Insomnia is, usually, linked to periods of high stress but its effects can be awful. For our main character Emma, a successful lawyer approaching her fortieth birthday, her inability to sleep after she wakes regularly at 1:18am hints at a potential problem. Though she doesn’t remember precise details, her family have been plagued by issues around sleep and she fears history repeating itself as she approaches the age her mother was incarcerated after trying to suffocate one of her children.
The family history is revealed bit by bit as we follow Emma through the days leading up to her fortieth birthday. The tension created by Pinborough is well-depicted and as we learn about the stresses in her life we start to question to what extent Emma might be responsible.
From start to finish I found myself caught up in this. In turns frustrated by Emma but also empathising with her, I couldn’t help but get bogged down in the extraneous details about her present life that seemed to muddy the waters as we try to work out just what is going on.
As with some of Pinborough’s more recent books there is a dependence on something unnatural, which might not adequately explain events for some readers. While I’m not wholly convinced by it, the actual revelation as to what was happening and the motive for it made sense. Extreme, and it definitely made me reassess some of the earlier interactions between the characters concerned, but this book was a tense depiction of someone being pushed to their limits.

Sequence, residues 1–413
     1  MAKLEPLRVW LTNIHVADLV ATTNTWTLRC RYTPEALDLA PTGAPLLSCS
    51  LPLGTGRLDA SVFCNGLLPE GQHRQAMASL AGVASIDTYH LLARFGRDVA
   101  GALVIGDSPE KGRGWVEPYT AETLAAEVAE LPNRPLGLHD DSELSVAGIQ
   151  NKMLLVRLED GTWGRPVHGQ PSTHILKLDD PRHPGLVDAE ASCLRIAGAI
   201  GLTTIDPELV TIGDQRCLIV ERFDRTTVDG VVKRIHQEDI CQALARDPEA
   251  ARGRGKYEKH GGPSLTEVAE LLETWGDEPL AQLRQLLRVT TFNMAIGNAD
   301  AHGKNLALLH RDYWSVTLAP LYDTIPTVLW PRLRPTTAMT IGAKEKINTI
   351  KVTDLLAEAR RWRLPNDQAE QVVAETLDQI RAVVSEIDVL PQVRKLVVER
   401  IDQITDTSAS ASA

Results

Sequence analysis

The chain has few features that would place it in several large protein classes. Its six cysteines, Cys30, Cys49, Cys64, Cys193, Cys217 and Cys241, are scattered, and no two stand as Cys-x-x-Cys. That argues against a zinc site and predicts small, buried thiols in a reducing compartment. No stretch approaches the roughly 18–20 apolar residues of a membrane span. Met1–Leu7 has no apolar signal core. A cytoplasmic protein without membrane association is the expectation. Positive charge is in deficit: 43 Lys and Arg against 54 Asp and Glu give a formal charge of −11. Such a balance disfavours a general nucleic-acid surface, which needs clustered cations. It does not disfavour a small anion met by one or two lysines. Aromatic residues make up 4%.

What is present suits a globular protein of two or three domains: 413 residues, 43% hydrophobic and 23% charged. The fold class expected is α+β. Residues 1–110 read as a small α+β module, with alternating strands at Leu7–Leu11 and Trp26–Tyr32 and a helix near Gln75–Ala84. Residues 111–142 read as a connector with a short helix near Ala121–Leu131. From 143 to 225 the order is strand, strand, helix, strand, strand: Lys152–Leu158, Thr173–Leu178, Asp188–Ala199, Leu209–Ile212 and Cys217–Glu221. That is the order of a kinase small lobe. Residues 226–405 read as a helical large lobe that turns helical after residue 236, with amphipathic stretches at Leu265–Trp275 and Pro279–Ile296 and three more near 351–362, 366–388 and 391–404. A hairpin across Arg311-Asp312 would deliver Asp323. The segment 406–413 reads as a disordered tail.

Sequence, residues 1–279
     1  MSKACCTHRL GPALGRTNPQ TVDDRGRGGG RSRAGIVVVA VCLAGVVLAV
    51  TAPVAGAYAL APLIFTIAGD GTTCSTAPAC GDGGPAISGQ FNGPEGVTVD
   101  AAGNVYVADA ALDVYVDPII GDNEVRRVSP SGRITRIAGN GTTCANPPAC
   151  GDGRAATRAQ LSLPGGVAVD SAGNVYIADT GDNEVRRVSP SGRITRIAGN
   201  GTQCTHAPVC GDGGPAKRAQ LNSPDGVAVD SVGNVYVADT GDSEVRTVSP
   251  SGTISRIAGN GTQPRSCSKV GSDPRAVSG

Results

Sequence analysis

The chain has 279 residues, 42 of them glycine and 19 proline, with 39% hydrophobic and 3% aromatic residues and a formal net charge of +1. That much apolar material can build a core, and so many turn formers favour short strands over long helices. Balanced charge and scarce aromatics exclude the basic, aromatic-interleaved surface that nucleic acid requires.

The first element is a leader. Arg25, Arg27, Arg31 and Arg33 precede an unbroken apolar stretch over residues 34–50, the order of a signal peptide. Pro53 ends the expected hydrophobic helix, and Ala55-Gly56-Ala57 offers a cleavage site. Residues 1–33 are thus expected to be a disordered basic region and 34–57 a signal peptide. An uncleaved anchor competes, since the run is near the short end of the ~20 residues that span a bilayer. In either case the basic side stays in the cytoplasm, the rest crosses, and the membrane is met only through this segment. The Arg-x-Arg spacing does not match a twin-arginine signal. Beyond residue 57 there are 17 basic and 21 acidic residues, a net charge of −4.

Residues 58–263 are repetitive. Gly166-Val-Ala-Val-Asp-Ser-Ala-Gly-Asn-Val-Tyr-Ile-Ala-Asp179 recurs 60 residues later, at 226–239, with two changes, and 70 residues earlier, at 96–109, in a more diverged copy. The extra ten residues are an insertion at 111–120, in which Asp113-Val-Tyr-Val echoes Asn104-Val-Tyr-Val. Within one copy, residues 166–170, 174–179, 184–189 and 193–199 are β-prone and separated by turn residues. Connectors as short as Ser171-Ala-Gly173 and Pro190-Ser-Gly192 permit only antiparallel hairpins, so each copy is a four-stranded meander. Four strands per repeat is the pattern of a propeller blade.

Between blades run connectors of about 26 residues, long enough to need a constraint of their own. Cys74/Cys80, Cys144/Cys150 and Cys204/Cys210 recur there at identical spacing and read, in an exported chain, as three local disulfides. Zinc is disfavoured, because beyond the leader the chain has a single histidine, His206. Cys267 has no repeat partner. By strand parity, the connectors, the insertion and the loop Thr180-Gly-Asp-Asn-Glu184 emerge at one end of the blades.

Thanks to NetGalley for giving me the opportunity to read this before publication.
Our story begins with talented musician Finch Chamberlain heading to the prestigious Ulalume Academy for an audition. The audition goes well, though Finch finds herself making trouble for student Selena St Clair. She is desperate for acceptance and expresses the view she’d do anything to get in. Next thing we know, a stag with eight eyes appears on the road in front of them, her father crashes the car and Finch and her parents are plunged into the river.
With our main character dying in the opening chapter, and then starting at the Academy, it was clear from early on that this was not going to be an ordinary read.
Finch hears a strange voice, her hair has turned white and she quickly finds herself wandering the tunnels below the academy where she seems to conjure a spirit known as Nerosi.
Suspend your disbelief. The girls at this school are ultra competitive, so for them to make their own deal with the devil in exchange for their heart’s desire makes sense. Initially the demands are fairly straightforward. The girls get flawless skin and increased popularity. Of course, it doesn’t take long for the demands to become a little harder to fulfil.
Much of the book focuses on the strange entity known as Nerosi, and the links between her appearance and strange events that took place in the town decades earlier. Finch and her new friends start to grow wary of exactly what is being asked of them and we soon see something evil has been unleashed…again.
Thanks to NetGalley for giving me the opportunity to read this in advance of publication. Some of the background characters felt undeveloped, and Finch’s questioning of her sexuality felt like a means to shift the plot forward. However, it was an intriguing idea and I enjoyed the links between the respective storylines.